Frank Carissimo, a History major working with Prof. Rowly Brucken, presented his work titled “War and Hardship on the Nile: The Journal of Frederick Charles Miller” at the 2014 Phi Alpha Theta Northeast Regional Meeting in Bristol, RI. His research assessed the historical value of riverboat pilot Charles Miller’s private diary, written during his participation in the British “Gordon Relief Expedition” of 1884-1885 when he and nearly 300 other Canadian Voyageurs traveled up the Nile in an attempt to break the siege of Khartoum. This untapped primary source proved to be an excellent record of the expedition.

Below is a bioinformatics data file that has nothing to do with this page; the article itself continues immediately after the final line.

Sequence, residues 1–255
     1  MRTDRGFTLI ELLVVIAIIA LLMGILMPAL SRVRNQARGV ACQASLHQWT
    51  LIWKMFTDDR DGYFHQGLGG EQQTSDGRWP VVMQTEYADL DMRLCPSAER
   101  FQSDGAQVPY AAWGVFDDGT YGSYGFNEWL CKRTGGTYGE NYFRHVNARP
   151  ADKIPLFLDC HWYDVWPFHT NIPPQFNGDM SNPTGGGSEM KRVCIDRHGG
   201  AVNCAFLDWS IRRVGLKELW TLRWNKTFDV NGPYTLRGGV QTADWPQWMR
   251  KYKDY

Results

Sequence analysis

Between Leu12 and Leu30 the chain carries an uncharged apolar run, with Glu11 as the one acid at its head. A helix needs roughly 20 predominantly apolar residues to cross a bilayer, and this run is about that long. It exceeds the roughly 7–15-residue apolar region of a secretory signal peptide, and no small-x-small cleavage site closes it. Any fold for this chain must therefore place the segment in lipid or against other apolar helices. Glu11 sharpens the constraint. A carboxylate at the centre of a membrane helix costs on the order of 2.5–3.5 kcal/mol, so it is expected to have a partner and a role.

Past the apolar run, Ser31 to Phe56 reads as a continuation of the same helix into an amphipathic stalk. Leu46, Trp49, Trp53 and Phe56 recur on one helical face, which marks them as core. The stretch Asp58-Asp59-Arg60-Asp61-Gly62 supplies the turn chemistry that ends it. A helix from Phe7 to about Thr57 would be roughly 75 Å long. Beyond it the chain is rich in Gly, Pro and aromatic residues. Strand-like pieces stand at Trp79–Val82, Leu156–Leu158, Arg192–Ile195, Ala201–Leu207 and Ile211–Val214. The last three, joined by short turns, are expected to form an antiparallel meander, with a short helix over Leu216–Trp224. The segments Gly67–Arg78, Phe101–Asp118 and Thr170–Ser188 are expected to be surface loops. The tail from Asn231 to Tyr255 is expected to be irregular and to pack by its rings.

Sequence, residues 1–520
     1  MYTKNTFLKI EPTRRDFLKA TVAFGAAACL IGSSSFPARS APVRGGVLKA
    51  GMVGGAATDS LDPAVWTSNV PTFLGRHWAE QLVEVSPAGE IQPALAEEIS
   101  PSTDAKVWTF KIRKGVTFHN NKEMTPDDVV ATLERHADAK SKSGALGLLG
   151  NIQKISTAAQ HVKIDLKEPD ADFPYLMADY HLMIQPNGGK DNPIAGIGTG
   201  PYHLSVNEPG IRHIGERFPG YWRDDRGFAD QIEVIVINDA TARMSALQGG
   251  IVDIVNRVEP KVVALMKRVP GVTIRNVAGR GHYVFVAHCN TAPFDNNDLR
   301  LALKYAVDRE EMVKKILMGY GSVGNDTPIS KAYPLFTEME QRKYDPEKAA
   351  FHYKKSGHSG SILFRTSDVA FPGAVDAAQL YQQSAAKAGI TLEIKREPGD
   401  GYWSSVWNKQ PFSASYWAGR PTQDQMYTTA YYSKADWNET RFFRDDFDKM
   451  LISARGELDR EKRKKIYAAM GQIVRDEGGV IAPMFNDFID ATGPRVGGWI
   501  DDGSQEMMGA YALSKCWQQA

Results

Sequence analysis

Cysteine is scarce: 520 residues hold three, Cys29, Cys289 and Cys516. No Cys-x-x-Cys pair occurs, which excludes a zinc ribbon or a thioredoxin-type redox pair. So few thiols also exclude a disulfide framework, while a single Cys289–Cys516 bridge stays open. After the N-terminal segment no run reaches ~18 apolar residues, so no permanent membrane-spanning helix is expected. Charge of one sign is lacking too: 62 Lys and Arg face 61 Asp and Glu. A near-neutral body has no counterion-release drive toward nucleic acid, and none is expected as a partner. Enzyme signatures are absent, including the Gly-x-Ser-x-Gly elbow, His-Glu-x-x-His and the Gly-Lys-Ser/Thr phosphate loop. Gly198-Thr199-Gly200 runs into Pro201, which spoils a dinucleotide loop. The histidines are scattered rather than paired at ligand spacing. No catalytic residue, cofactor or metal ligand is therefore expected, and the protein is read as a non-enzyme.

Mariah Howard, a Criminal Justice major collaborating with Prof. Travis Morris, presented her research at the 2014 American Society of Criminology Annual Meeting in San Francisco, CA. Her paper was titled “An Application of Neutralization Theory to the Actions and Statements of Female Suicide Terrorists.” Neutralization Theory focuses on techniques that individuals use to counteract their basic moral values when conducting acts that would normally be seen as ethically wrong, such as terrorism. This project evaluated five primary techniques in light of the activities of the first known female suicide bombers from Palestine and Chechnya. Through qualitative data analysis of their writings, an appeal to higher loyalties appears to be the most applicable neutralization technique used to justify their actions of suicide terrorism.